Kroger-Albertsons merger could hurt grocery store workers' wages, new economic report finds
Last fall, Cincinnati-based Kroger announced it would merge with Albertsons grocery stores. The $24.6 billion merger would make it the second-largest grocery retail chain in the country behind Walmart.
A report from the Economic Policy Institute reveals the deal could lead to lower grocery store employee wages.
The report finds the merger could lower wages for over 746,000 grocery store workers in about 50 cities across the country. The total annual loss of wages would be $334 million or an average loss of about $450 per year in wages for workers.
Ben Zipperer, an economist at the Economic Policy Institute, attributes the loss to the increasing trend of concentration among grocery store chains. This trend has led to a decrease in competition, which has allowed grocery store chains to raise prices and reduce wages.
“They will have fewer options. They have or will have less leverage in negotiating, better pay, better working conditions and so forth,” Zipperer said. “And so what that means is that wages tend to get depressed in those kinds of markets where there's a lot of employer concentration.”
Zipperer said historically, federal antitrust agencies have focused on the impact to consumers caused by concentration. But the impact to workers is often overlooked.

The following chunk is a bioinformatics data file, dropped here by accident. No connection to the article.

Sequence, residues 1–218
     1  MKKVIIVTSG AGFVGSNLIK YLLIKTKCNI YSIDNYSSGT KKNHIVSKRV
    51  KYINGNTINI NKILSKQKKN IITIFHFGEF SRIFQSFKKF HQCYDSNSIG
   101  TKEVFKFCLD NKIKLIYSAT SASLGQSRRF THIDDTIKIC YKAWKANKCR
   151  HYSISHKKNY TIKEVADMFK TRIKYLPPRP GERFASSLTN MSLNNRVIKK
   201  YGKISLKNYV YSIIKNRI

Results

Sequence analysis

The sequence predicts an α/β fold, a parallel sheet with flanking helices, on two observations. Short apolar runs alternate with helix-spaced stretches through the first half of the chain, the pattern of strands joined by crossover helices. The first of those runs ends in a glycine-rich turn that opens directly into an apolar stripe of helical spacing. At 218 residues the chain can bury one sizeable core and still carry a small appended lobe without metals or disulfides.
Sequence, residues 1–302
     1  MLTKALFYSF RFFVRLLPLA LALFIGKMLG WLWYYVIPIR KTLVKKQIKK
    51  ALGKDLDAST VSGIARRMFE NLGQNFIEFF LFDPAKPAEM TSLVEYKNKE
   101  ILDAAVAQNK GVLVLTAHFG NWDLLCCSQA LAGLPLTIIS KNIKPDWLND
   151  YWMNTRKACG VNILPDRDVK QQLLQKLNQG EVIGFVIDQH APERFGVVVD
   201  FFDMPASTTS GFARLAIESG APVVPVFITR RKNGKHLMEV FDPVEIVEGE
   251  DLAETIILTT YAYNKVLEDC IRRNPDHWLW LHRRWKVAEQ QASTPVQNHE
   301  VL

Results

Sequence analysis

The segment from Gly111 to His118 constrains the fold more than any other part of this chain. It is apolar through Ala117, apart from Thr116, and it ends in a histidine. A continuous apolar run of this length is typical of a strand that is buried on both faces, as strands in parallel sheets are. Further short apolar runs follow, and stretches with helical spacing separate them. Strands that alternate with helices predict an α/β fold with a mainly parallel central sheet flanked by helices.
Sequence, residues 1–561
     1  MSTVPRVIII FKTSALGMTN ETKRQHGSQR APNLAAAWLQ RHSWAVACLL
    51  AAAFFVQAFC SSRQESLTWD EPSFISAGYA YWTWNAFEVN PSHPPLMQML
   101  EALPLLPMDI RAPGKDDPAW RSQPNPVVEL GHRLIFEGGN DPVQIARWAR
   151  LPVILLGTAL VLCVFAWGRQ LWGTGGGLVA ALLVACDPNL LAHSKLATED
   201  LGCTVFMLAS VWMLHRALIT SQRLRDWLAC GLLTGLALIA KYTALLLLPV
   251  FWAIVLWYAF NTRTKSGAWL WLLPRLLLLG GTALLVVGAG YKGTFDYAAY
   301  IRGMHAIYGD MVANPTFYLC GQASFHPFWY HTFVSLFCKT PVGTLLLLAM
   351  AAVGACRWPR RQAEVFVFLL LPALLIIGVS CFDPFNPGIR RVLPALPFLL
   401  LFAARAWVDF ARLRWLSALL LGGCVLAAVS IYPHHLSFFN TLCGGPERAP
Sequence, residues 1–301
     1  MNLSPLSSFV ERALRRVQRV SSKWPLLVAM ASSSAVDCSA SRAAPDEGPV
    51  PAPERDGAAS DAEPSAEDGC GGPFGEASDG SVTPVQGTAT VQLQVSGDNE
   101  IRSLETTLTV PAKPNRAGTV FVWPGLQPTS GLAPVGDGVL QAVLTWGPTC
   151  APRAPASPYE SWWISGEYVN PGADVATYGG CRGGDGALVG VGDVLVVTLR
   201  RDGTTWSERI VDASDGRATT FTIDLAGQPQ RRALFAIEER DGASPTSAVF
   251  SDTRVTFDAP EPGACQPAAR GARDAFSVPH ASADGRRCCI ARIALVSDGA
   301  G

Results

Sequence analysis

“It can be a big problem if you're trying to advance in the labor market if the number of outside options available to you starts to shrink. And that is how workers get ahead and that's how they get better jobs,’ Ziperrer said. “Because these are not high wage jobs, we should take extra care to pay attention to the consequences of potential wage reductions for workers.”
In a response, a Kroger spokesperson said the company disagreed with the reports' findings and that it's actually investing in higher wages for its employees.
“The conclusions of the Economic Policy Institute article are erroneous and based on a faulty, biased and poorly sourced analysis that ignores both companies’ long track record of investing in associates," A Kroger spokesperson said in a statement. "The report also egregiously ignores Kroger’s public commitment to invest an additional $1 billion to increase wages and expand industry-leading benefits starting on day one following close."
The commitment is based on an incremental $1.9 billion Kroger has invested in wages and comprehensive benefits since 2018.
The Economic Policy Institute is asking the Federal Trade Commission to consider wage losses stemming from concentrated labor markets in its rulings on the admissibility of mergers.
The Kroger-Albertsons merger is expected to be completed by 2024.
Alejandro Figueroa is a corps member with Report for America, a national service program that places journalists into local newsrooms.